Eurozone's Two-speed Economy Confirmed by PMIs

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It is a mixed bag for the Eurozone economy this March, as the region's services sector continues to recover, but manufacturing remains frozen in contraction territory.

At the same time, areas like Greece, Spain and Italy continue to outperform the big economies of Germany and France, underscoring an emergent two-speed economy.

The Eurozone's service sector moved further into expansion mode with a PMI of 51.1 for March, which exceeds Ferbuary's 50.2 and the consensus expectation for 50.5.

Above: The PMIs are consistent with a flatlining Eurozone economy and don't challenge market bets for a June ECB rate cut.

But, the manufacturing PMI disappoints with a fall from 46.5 in February to 45.7 (vs. exp. 47). The result is a composite PMI at 49.9, a shave below the key 50 level that marks the border between growth and contraction. This is nevertheless higher than February's 49.2 and the expected 49.7.

According to S&P Global, the composite reading confirms that business activity in the Eurozone came close to stabilising this month. "The composite PMI increased from 49.2 to 49.9 in March, the best reading since June last year. Green shoots are emerging for later this year, but expect continued economic stagnation for now," says Bert Colijn, Senior Economist for the Eurozone at ING.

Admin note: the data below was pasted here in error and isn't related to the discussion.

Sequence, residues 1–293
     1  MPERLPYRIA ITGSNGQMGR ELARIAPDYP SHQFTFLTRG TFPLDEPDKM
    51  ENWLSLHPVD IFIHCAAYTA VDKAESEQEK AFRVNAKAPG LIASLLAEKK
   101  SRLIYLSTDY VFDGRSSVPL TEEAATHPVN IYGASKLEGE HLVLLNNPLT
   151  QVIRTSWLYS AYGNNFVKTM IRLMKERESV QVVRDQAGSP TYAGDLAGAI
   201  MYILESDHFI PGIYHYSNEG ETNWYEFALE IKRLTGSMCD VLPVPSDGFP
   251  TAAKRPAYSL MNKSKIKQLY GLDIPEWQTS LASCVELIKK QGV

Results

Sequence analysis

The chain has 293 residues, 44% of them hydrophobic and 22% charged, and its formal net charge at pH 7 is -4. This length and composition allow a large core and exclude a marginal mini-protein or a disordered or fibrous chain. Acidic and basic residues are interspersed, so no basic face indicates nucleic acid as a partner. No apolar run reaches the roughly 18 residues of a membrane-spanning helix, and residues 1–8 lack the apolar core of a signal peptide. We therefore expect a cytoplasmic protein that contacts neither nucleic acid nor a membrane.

The PMI figures again confirm one of the more extraordinary developments of recent times: the divergence in fortunes between the core Eurozone economies of Germany and France and the periphery.

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The PMIs report ongoing falls in output in France and Germany, offset by "a gathering upturn" in the rest of the eurozone, which S&P Global says points to "an uneven economic picture".

Weighing Germany down is its subdued industrial sector, which has never really recovered from the gas price shock that followed Russia's invasion of Ukraine. The Germany manufacturing PMI read at 41.6, below February's 42.5 and below expectations for 43.1. Germany's most important sector remains locked in the deep freeze.

The rest of the eurozone (excluding France and Germany) collectively report growth of output for a third successive month, with the rate of expansion reaching an 11-month high.

The implications of this report for the European Central Bank (ECB) - and therefore Euro exchange rates - will be limited; there is nothing that will dispute market expectations for a June rate cut.

The slow output of France and Germany is hardly consistent with significant demand-lead risks to inflation that would delay a hike.

At the same time, the PMI report revealed service sector input cost and selling price inflation rates meanwhile remained elevated by historical standards due to higher wage costs. However, a cooling in the pace of increase in cost burdens was recorded to take some pressure off overall selling price inflation.